Cut Out Tobacco To Prevent Cancer
Tobacco: a Cancer Risk in Any Form
Tobacco use is one of the leading causes of cancer in the United States. The deadly effects of smoking have been well known for decades, and medical studies have shown that avoiding tobacco and cigarette smoke can help prevent both lung cancer and oral cancer.
It’s Not the Nicotine; It’s the Smoke
Nicotine itself, the addictive substance that creates the pleasurable sensation, is not the culprit, though. The smoke which delivers the nicotine actually causes the most harm. Cigarette smoke contains thousands of chemicals, many of which are recognized a Group A carcinogens – chemicals which scientists and medical professionals have found to be most likely to cause cancer. Common ingredients in every mass-produced brand of tobacco include:
The smoker isn’t the only one in danger. Emissions from burning cigarettes and the smoke exhaled after a puff contain all these chemicals, too, so even non-smokers who are exposed to this secondhand smoke have an increased risk of developing cancer.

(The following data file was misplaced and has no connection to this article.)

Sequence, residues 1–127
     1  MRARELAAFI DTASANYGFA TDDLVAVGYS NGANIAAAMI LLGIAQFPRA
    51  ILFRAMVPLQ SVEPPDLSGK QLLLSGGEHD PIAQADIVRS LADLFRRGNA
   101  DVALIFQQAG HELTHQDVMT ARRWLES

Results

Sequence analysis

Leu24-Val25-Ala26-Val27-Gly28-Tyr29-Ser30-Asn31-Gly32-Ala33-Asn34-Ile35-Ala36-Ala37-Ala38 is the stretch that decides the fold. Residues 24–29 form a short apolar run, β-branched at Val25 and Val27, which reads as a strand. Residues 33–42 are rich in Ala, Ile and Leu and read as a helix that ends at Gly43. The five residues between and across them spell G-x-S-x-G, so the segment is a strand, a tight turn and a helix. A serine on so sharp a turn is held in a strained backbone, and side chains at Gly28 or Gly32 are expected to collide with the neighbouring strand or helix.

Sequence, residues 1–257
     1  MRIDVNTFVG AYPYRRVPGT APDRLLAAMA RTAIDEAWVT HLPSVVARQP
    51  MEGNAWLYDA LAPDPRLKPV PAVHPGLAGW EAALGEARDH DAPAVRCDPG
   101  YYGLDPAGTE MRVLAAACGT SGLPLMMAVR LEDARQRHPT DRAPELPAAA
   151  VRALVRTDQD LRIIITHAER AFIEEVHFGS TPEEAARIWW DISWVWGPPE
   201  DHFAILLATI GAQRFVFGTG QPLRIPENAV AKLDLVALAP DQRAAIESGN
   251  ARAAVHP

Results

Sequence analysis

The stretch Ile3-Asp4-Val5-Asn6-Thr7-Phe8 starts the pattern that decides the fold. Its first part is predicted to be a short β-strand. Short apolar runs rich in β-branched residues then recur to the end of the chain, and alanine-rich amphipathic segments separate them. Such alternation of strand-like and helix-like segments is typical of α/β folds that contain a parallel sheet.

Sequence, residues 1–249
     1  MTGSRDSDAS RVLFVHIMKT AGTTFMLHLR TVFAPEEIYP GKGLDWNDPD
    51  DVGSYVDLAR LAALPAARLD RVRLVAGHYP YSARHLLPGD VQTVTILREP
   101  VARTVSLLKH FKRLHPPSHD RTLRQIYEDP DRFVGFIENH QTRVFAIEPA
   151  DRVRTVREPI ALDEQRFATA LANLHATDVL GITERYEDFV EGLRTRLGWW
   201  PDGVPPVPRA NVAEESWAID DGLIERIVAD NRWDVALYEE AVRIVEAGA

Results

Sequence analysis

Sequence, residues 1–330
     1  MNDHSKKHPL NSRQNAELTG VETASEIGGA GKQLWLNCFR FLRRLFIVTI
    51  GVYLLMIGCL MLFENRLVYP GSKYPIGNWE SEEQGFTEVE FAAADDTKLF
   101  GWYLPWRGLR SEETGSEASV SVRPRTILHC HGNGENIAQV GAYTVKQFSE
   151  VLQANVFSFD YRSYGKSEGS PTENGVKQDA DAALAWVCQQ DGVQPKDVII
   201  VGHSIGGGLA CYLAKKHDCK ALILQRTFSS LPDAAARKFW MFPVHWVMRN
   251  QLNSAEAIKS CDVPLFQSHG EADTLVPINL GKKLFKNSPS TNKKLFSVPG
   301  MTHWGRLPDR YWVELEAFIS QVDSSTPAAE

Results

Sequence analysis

Children of smokers are more likely to suffer from allergies, asthma, and other breathing problems. Even adults with compromised respiratory systems may quickly become very ill around secondhand smoke. While the odds of health issues rise the longer one is in such an environment, evidence has shown that some people to develop cancer and other problems even after a brief exposure to secondhand smoke.
Spit It Out!
Smoking isn’t the only way to deliver nicotine to the blood system. “Smokeless” forms, such as snuff and chewing tobacco, consist of flavored tobacco leaves which are tucked into the cheek and held in the mouth. While this form of tobacco presents no threat to others around the user, smokeless tobacco also contains many of the same carcinogens as cigarettes. The soft tissues of the mouth and throat absorb these chemicals along with the nicotine.
90 percent of oral cancer victims have used smokeless tobacco. The chemicals also cause surface damage to the gums and teeth, leading to recessed gums, bone loss, and lesions in the mouth and throat.
There is no safe tobacco. “Light” cigarettes have less nicotine, but still contain the same chemicals as the full-flavored brands. The best way to protect against tobacco-related health problems is to avoid tobacco altogether.